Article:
• The Government should consider accelerating the award of Small Business Innovative Research (SBIR) grants that have the opportunity to commercialize in the next 6-9 months. SBIR proposals generally represent new products and services that have fast growth potential of creating NEW jobs as opposed to ADDING jobs. A great deal of rhetoric surrounds of Nation’s need to INNOVATE our way out of our current economic situation and the Government has a pipeline of ideas that are waiting to be funded and moved forward. We should also open up additional proposal cycles for the short term instead of the current annual cycle to spur additional proposal and increase distribution of stimulus funds in smaller amounts. The benefits of this approach are that any small business that receives funding will actually SPEND the money to move the project forward without a focus on profits in an effort to launch their product or service. Funded small businesses will require additional goods and services, feeding the economy from the ground level up. This approach will also afford a much wider distribution of stimulus funding rather than concentrating it with large, established companies who are experienced at profiting from large, Government sponsored projects – a top down approach. Continuing to pour more money into the existing corporate infrastructure will only promote slow, continuous growth by the ADDITION of jobs and increased corporate profits. INNOVATIVE small businesses distributed around the country offers the possibility of high growth of NEW jobs and provide infusion of stimulus money at local levels. Neil M. (Longmont, CO)
  • Mr Chairman, Whereas, the push so far for job creation, and in deed,economic recovery contribution, is incredibly laudable, it is further urged, very strongly,that law makers explore and create a more fertile ground for, both,government grants and low interest time specific yielding loans to small businesses that fulfill requisite growth requirements, in the short term or long term considerations. Lending institutions are using inflexible conditions to withhold loans from needy small businesses. Congress may step in to push for more flexible conditions, or at best, guarantee- loans to promising and management proven small businesses. Such a move, in addition to already explored moratorium of taxes and regulations,will galvanize,propel and alter job market dynamics of today's stalled unemployment national registry. This is the critical point holding down small businesses from recruitment drive and competition. Martin Atayo (MPGATECHNOLOGIES,INC) Martin A. (Washington, DC) MPGATECHNOLOGIES, INC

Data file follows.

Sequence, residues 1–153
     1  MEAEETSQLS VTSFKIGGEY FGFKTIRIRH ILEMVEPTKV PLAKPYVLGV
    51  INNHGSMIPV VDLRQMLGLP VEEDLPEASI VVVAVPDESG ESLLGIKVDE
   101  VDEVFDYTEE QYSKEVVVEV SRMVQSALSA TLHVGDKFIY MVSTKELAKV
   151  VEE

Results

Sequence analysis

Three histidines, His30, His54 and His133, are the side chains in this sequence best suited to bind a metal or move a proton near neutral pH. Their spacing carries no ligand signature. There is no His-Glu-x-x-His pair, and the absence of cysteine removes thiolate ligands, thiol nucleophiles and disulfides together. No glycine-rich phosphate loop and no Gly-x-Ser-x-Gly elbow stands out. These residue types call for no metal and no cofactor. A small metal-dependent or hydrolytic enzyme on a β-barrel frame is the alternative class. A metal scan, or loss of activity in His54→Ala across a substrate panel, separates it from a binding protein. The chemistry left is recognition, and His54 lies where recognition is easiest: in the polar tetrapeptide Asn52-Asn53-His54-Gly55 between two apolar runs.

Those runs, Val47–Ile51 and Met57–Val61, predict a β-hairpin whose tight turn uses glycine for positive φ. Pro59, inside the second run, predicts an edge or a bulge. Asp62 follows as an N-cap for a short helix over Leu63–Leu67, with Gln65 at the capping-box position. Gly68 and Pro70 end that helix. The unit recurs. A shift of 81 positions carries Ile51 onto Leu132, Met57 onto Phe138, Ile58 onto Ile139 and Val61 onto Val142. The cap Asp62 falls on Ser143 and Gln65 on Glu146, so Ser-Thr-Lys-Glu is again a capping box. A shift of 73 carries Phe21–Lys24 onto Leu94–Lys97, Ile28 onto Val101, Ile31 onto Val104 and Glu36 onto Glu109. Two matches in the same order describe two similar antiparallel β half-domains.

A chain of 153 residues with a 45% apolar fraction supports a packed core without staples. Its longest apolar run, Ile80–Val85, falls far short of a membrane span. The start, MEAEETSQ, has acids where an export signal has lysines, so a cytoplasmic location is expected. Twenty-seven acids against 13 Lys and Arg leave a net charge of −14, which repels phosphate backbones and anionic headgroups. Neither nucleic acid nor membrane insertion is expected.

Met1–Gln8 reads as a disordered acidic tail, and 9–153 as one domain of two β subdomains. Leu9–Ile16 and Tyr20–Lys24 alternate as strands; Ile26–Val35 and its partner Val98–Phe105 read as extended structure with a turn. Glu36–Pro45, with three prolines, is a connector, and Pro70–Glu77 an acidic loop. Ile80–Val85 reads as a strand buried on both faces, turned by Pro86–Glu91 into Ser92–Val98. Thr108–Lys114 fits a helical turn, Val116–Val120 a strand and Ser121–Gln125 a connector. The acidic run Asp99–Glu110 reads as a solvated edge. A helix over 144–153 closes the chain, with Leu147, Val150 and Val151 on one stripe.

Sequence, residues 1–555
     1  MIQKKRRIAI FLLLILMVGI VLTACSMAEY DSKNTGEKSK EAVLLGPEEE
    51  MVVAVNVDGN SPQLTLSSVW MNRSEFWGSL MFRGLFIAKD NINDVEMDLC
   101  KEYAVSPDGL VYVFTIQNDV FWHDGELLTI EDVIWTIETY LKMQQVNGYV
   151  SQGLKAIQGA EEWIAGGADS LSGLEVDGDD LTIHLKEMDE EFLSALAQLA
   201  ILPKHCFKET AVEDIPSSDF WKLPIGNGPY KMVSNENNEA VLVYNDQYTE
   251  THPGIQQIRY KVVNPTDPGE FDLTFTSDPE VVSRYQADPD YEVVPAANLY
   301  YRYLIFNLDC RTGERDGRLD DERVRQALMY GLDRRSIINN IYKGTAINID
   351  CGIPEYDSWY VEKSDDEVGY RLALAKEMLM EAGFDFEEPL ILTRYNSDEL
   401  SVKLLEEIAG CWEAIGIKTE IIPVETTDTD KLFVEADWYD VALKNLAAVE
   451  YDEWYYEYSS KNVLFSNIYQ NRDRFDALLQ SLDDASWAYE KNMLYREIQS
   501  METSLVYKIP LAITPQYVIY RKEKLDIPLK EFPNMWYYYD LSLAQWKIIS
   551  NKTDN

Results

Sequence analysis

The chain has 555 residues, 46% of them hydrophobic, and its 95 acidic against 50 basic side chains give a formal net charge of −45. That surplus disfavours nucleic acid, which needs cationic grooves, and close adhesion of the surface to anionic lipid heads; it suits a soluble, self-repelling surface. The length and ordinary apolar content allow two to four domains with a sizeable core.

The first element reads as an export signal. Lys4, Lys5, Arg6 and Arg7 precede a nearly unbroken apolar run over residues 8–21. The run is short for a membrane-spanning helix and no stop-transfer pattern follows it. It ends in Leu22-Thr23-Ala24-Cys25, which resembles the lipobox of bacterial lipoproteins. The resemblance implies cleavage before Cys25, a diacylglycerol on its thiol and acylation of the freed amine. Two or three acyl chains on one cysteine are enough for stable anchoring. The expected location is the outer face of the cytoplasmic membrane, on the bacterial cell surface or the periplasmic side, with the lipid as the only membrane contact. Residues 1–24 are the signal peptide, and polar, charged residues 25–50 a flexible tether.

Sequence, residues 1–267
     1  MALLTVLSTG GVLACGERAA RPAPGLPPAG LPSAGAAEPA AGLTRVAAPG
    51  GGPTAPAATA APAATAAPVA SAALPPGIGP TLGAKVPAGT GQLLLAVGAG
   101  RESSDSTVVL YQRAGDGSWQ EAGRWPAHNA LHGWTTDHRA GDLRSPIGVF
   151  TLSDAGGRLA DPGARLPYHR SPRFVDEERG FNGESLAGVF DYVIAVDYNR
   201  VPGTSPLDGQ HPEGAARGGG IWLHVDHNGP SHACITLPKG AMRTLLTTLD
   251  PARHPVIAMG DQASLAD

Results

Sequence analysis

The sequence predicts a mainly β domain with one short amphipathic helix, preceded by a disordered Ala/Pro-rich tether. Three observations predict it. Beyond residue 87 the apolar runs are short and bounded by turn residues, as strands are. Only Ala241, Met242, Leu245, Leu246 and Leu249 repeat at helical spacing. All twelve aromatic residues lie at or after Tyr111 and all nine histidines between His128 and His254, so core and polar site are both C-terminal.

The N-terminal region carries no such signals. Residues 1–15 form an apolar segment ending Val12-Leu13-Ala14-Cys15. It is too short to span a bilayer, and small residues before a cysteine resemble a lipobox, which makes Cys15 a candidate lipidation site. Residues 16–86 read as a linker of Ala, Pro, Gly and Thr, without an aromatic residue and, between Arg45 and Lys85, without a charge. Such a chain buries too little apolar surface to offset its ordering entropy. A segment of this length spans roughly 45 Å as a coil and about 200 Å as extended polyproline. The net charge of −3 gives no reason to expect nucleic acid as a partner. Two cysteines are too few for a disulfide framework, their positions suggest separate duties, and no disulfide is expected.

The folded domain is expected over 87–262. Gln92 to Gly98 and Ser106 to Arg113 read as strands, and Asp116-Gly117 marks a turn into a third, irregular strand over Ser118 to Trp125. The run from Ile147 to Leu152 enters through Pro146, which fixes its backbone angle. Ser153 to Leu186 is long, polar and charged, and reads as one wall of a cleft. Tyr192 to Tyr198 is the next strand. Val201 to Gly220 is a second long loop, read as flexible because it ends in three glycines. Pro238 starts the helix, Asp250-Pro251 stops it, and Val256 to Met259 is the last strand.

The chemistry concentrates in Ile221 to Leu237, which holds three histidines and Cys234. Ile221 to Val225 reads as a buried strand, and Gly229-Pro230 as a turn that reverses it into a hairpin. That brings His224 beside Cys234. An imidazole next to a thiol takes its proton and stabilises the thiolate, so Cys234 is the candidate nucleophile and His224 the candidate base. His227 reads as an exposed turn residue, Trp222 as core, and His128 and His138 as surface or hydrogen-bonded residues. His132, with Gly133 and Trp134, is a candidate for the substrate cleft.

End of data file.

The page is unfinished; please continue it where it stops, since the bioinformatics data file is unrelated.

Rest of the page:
• Small Business Innovation Research Program concerns The SBIR program is a wonderful way to support grass roots innovation, but some companies have miss used the concept and developed their business model around winning SBIR funding. I retired from the Federal Government performing acquisition management for DOD. During that period I witnessed many new concepts and ideas being developed under the SBIR program. When I retired I went to work for an 8a company. I quickly discovered their primary business development was winning SBIR I & II. They had not won a single competitive contract, only SBIRs. The company was content with the business model and structured their hiring and training around this. There should be some certification from companies that a percentage of their business is under SBIR programs and not their total income. This is not helping the companies or the Government. Thank you Bob N. (Coldwater, MI)